by Lacie Smith ’06

Dave Madeira and Scott McClary ’94 had always been on the same bench; drawing up plays together and brainstorming ideas on how to stop opposing teams. However, in the final of the 2004 Scotty Wood Tournament, the coaches occupied different sides of the court. Frequent passes of friendly glances and periodic smiles were all that were being exchanged between the coaches this time around.

Maybe they did a great job of covering it up? Or maybe the coaches’ instinctive competitiveness kicked in? Either way, from the blowing of the first whistle until the sounding of the last buzzer, it was difficult to notice almost 15 years of friendship, memories and emotions that accompanied the men in their quest for the championship trophy.

Originally from Cecilton, Md., Scott McClary has roots that are embedded deep in Muhlenberg soil. An elbow injury that ended his basketball playing career did not stop him from becoming involved in the Mules’ program. Unable to play, he searched for an alternative option that would allow him to be a part of the team.

“Scott approached me after his freshman year and wanted to know if he could help coach,” explained Madeira, now in his 18th season as Muhlenberg’s head coach. “He seemed very interested in learning the ropes of coaching college basketball and I appreciated that.”

McClary knew the tradition of winning that accompanied Muhlenberg men’s basketball prior to approaching Madeira. “I knew that the men had a solid program with an excellent coach. I saw my injury as an opportunity to learn basketball hands-on and use that knowledge to coach later on down the road,” commented McClary.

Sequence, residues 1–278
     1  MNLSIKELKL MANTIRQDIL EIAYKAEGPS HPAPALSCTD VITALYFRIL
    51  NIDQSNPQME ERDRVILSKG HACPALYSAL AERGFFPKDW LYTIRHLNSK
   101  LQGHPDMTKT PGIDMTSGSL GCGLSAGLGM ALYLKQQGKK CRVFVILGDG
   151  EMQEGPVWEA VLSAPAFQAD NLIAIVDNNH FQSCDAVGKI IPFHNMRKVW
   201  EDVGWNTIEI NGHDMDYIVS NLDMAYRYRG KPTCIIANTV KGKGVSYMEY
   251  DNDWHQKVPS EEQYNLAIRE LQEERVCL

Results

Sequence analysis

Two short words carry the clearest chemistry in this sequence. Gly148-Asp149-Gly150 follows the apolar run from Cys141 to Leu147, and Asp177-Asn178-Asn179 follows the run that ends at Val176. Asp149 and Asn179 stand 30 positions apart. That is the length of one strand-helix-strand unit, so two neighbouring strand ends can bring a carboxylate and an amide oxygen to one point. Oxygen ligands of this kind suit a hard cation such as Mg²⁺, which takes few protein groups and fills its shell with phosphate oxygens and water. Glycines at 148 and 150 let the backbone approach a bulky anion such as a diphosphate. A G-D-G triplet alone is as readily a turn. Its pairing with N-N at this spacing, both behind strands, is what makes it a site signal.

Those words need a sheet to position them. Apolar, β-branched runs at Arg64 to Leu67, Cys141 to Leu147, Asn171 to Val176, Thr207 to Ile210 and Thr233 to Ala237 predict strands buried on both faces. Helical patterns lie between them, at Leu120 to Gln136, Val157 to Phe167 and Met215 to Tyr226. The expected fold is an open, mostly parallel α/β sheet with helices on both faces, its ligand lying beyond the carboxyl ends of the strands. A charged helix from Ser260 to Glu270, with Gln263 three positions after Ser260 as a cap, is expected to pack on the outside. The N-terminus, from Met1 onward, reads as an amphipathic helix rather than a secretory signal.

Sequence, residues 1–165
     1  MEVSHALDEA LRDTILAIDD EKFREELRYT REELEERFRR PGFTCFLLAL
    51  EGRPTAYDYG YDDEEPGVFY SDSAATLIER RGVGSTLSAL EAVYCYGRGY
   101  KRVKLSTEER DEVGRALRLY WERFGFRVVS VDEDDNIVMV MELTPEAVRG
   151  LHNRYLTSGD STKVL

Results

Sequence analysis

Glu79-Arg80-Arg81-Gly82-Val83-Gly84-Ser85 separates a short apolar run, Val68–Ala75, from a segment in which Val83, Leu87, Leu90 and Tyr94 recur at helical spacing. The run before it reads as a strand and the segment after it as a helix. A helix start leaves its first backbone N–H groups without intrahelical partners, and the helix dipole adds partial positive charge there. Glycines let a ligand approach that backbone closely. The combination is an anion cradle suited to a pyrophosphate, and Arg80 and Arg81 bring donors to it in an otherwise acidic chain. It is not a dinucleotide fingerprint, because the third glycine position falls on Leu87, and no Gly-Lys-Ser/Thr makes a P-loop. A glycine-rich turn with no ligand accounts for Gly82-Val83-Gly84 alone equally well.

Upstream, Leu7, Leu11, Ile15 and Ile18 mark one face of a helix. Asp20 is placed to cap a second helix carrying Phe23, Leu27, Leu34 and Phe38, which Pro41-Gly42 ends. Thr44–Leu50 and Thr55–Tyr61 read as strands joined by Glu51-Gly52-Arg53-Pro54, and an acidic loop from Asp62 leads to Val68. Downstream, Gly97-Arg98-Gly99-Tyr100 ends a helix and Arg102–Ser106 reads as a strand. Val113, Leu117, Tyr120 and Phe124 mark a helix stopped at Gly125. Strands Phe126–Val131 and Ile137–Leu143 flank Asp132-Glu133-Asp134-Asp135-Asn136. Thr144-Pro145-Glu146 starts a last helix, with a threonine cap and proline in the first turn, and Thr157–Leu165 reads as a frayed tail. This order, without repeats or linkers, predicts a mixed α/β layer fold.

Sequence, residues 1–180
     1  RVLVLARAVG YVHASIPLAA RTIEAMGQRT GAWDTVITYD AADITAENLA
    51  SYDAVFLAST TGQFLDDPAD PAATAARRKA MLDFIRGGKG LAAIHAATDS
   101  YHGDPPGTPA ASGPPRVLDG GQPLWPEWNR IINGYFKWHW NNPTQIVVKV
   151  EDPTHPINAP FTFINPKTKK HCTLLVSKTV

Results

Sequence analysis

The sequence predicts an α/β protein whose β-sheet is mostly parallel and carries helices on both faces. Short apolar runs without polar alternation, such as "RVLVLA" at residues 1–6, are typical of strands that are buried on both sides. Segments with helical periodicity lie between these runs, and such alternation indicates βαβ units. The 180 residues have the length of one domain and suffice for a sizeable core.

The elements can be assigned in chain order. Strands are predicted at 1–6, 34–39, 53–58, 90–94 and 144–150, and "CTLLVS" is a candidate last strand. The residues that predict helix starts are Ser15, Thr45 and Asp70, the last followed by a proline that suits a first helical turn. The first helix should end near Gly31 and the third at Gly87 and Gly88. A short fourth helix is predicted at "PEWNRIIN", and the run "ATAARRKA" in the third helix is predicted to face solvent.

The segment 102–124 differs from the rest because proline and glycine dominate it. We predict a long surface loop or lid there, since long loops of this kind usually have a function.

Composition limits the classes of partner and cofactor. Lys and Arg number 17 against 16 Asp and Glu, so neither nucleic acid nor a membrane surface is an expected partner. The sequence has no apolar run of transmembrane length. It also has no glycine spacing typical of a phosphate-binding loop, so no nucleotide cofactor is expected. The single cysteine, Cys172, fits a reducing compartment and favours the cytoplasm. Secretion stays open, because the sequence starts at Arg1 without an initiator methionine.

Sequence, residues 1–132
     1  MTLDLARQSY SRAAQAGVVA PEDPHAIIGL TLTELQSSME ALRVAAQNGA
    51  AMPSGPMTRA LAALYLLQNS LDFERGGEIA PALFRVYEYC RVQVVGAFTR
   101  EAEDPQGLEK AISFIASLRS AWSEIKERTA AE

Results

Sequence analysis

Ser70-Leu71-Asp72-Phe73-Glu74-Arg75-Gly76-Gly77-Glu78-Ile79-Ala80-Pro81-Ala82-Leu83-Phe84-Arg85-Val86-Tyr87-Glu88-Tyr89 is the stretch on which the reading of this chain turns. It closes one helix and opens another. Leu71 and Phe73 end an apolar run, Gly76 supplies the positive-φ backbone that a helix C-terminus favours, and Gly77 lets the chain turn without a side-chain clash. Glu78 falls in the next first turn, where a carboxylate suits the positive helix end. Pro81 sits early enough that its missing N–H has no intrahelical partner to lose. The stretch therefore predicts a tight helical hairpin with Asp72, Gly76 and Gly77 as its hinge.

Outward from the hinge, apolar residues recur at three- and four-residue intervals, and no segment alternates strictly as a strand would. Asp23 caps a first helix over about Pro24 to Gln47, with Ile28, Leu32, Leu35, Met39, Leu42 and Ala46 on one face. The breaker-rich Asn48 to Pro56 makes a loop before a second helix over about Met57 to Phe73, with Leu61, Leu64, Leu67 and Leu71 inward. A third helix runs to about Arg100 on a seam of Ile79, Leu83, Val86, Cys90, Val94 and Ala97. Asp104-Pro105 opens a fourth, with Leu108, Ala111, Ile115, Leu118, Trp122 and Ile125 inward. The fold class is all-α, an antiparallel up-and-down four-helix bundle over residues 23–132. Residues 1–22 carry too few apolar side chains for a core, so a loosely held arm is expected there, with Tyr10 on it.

Madeira welcomed McClary into the coaching world with open arms. He was slowly broken into the program and as time passed he gradually gained more authority and was given greater responsibilities, including head junior varsity coach as a senior.

McClary began coaching as a sophomore and gaining respect from the upperclassmen was not an easy task. “Scott broke into coaching his peers slowly, but by the time he was a senior he and the players had a mutual respect for one another. He was a friend off the court and a coach on the court,” remarked Madeira. McClary quickly learned how to balance his friendships and coaching duties simultaneously; he even roomed with the captain of the squad their senior year.

Three years of student coaching came and went, but McClary wasn’t about to close the chapter of his Muhlenberg career just yet. Following graduation, he was hired as an assistant coach and given the opportunity to further his coaching knowledge.

“I pretty much did the same things as a student coach and an assistant coach,” said McClary. “As an assistant I had much more time to devote to the program. I became more involved in the recruiting process and had more time to spend in the offseason with the players.”

Under Madeira, McClary learned the intangibles of coaching. “Basketball is so much more than the two hours of practice a day and games. That ‘stuff’ is only 10 percent of what you do,” remarked McClary. Madeira taught McClary the importance of work ethic, detail and responsibility.

“There is no question, I still apply tons of the things Coach Madeira taught me,” McClary added. “I still run some of the plays we ran at Muhlenberg and even more important than that, I have taken so much from his personality. Coach would give up a win to teach a lesson; always with the kids being his primary interest. He cares about his players tremendous amounts and those are the qualities that stay with me the most.”

Ever so humble, Madeira takes no credit for McClary’s success. “I showed him the way through knowledge, the responsibility of planning practices and games and instilled confidence in him, but he is the one who made something out of himself,” said Madeira.


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